• 2 million veterans served during the Korean War.
  • 6 million veterans served in peacetime.
  • As of 2015, 3.89 million veterans received compensation for service-connected disabilities.
  • As of 2017, the top 3 states with the highest percentage of veterans among their population: Alaska, Montana & Maine.
  • The VA health care system had 54 hospitals in 1930, since then it has expanded to include 170 medical centers; more than 1,063 outpatient, community, and outreach clinics.

 

Find Out Where You Can Be Apart Of Veterans Day Celebrations

Your Guide To November

A highlight of this month’s happenings.

 

 

 

 Veterans Day 

 The Dept. of Veterans Affairs estimates there are around 19 million veterans in the U.S. You probably know one — so hug a vet today!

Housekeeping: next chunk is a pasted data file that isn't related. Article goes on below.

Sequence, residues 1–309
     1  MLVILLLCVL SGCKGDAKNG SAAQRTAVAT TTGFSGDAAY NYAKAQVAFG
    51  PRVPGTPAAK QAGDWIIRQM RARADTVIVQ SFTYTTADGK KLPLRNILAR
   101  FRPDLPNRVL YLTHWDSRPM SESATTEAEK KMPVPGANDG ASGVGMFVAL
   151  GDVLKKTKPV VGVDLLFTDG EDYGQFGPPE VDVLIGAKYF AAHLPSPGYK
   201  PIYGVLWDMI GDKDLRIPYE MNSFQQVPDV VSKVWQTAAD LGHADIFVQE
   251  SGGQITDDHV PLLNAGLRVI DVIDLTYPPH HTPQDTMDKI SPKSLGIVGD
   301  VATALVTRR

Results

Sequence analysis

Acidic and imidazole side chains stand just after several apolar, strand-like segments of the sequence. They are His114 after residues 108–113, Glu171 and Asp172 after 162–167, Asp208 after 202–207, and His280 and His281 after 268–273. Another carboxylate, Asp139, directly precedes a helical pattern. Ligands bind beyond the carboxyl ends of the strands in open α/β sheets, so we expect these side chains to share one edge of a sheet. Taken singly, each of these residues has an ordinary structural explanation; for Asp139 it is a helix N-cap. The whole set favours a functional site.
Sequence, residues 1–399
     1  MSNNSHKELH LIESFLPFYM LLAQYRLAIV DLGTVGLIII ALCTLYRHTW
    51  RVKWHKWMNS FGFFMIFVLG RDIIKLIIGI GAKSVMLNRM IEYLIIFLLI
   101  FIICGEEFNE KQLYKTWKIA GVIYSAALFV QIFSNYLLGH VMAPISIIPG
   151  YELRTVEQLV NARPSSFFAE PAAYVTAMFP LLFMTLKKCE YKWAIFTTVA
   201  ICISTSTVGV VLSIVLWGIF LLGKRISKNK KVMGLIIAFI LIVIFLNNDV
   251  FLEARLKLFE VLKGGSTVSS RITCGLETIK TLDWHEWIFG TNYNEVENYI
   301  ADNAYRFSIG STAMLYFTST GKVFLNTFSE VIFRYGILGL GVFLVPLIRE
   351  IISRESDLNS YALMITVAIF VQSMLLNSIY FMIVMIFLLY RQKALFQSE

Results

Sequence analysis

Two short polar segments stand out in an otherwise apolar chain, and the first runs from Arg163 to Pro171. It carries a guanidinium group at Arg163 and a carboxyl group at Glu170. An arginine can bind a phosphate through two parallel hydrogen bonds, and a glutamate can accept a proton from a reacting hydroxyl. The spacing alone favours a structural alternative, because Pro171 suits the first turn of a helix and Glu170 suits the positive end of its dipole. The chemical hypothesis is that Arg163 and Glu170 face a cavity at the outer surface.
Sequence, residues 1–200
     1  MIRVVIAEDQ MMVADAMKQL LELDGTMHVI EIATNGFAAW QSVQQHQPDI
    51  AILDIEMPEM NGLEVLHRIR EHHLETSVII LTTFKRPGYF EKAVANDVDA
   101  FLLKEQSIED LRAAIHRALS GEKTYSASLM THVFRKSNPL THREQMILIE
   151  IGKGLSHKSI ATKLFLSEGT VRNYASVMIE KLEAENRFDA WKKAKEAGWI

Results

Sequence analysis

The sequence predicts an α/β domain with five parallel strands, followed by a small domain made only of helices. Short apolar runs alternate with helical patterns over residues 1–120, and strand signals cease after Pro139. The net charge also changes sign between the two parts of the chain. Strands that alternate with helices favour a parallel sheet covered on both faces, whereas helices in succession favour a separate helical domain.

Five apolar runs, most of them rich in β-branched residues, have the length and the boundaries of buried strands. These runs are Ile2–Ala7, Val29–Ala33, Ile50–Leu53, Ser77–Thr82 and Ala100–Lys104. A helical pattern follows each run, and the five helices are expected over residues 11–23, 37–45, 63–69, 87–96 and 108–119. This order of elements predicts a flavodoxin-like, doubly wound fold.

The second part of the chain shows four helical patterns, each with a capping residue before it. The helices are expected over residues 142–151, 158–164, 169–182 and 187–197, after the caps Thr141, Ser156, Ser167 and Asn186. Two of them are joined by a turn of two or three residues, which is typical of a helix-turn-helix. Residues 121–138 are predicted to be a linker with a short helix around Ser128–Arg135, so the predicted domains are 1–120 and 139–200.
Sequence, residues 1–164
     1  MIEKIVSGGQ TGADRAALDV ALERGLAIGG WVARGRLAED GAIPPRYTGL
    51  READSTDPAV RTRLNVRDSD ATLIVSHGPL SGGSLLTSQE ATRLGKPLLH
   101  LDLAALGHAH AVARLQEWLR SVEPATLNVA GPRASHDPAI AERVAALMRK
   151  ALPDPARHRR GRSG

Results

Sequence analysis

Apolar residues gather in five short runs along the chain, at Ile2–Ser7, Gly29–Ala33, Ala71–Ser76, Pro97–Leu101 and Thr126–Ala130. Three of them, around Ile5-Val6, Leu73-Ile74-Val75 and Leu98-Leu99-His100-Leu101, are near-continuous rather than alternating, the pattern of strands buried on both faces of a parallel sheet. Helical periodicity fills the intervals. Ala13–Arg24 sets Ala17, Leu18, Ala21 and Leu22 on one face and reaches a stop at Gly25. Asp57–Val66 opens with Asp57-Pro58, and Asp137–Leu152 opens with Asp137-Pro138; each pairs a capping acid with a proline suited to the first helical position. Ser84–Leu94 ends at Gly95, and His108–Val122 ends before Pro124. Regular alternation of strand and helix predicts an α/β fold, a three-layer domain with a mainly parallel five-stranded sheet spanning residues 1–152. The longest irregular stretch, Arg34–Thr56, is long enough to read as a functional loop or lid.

Are you ready to take your recycling game to the next level? Take the pledge!

 

 

 
Take a Hike Day 

 Whether you’re a newbie or a seasoned hiker, find a trail near you and enjoy the scenic wilderness in your area.

  

 

 Education Support Professionals Day 

 Show some love to your school’s front office staff, bus drivers, security staff, and other support staff who contribute to a child’s education.

 


Thanksgiving 

 The practice of sending turkeys to the White House began in the 1870s. In 1989, George H.W. Bush granted the first official turkey “pardon.”

 

 

 

​​Small Business Saturday 

 Support neighborhood businesses during one of the busiest shopping weekends in the year by choosing to shop local.

 

 

While nearly any warmer-than-usual day in fall is often called Indian summer, a true Indian summer must have these traits:

  • Occurs between Nov. 11 and Nov. 20

  • Warm weather following a period of true cold weather or a hard frost

  • A hazy atmosphere

  • Clear and cool nights, in significant contrast to the daytime temperatures

Produce in season this month includes apples, arugula, bok choy, cauliflower, chard, endive, leeks, onions, parsnips, pears, pumpkins, radishes, and spinach.